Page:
Maybe it’s a good thing.
After so much legislative change over the last 13 years, a Queen’s Speech that did not seek to baffle landlords and tenants with yet more laws is probably welcome.
Covering almost every issue except housing, yesterday’s Speech announced 22 individual bills that should occupy MPs for a good 18 months at least.
Despite the lack of specific bills tackling housing issues, there are still a number of bills in the current Parliamentary session that should interest landlords and which we will look at in detail:
- From a landlord’s perspective the announcement of a new Welfare Bill should reignite hope that the Coalition Government will seriously tackle the problems surrounding Local Housing Allowance (LHA). The Conservatives had promised to reinstate tenant choice in having their LHA payments paid directly to their landlords. That remains the right thing to do to cut waste and improve confidence in LHA so we will be arguing for its inclusion.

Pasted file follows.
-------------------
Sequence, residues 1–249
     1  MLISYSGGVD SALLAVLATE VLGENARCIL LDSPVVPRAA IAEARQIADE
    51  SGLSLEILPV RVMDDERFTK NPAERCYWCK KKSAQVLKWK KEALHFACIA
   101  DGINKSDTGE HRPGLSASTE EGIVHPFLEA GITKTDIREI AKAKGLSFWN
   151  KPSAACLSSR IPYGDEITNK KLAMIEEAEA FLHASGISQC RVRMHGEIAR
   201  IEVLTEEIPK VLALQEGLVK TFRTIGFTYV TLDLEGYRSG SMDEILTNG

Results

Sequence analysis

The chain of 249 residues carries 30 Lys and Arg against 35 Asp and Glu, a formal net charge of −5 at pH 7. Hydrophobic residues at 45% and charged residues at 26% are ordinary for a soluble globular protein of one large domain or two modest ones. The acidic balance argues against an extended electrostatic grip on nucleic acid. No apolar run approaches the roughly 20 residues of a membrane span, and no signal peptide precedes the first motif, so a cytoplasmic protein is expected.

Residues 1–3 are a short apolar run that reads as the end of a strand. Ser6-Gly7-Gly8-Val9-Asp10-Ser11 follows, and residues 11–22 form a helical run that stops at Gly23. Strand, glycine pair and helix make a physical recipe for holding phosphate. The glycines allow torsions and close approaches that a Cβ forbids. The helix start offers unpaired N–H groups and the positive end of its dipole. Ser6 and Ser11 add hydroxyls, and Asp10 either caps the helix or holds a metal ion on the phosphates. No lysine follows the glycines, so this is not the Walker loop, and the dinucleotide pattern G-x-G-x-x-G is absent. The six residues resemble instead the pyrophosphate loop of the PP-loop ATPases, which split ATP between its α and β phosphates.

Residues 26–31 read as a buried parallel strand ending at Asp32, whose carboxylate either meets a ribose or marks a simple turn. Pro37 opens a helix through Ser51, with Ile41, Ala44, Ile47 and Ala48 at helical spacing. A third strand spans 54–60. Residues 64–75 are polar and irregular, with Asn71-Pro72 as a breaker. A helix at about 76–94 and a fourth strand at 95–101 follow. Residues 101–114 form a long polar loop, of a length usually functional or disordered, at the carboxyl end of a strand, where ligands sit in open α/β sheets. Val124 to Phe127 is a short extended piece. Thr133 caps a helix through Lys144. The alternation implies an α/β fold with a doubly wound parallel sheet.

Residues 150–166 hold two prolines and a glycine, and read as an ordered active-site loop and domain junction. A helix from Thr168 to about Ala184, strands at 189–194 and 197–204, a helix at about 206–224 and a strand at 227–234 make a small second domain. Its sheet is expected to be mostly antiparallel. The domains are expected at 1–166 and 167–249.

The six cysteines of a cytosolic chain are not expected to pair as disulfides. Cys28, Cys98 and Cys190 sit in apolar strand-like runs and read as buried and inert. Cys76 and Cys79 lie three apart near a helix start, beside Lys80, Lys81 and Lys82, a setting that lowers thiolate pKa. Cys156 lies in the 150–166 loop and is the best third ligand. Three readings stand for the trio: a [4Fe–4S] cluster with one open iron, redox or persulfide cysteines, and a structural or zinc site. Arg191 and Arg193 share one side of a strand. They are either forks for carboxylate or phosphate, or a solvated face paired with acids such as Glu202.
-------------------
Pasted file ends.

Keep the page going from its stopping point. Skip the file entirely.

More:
- Next is the Decentralisation and Localism Bill. We know that this is the bill that will enable the Government to achieve its long stated aim of abolishing HIPs (although EPCs will continue). But there is more to the bill than just that. What will be the extent of a new power to enable local groups to force referenda on local issues? Will a ‘general power of competence’ mean that local authorities are given a free reign to do whatever they want ‘in the best interests of their voters’?
- There is also an Energy Bill planned. This will have a major impact on how we (as a nation and individually) pay for energy efficiency in our homes.
The problem is that there is so little detail available about these bills to make a proper judgement about the possible effect on the housing sector.
Finally, if the end of the last Government taught us anything, it was that Acts of Parliament are not the only way to change the law. The recent changes to planning law for shared housing, which is causing increasing problems for landlords across the country, and the general consent for local authority licensing schemes in the private-rented sector were both brought in using secondary legislation.
So, despite the lack of a Housing Bill, there are some urgent priorities for us over the next 18 months. We will be watching this new Government very closely indeed.